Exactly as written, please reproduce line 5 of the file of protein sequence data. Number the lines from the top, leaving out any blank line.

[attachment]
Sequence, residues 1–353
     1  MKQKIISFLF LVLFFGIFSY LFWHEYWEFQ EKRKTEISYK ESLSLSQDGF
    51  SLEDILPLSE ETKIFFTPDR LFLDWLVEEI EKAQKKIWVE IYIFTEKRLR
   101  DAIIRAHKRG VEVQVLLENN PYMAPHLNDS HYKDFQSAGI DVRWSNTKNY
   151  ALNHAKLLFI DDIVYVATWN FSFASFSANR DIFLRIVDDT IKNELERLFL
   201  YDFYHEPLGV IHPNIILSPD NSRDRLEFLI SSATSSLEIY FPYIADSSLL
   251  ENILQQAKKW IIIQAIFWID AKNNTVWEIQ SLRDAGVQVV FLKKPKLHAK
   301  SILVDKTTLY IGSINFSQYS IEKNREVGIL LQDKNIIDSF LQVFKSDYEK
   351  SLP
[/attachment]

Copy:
   151  ALNHAKLLFI DDIVYVATWN FSFASFSANR DIFLRIVDDT IKNELERLFL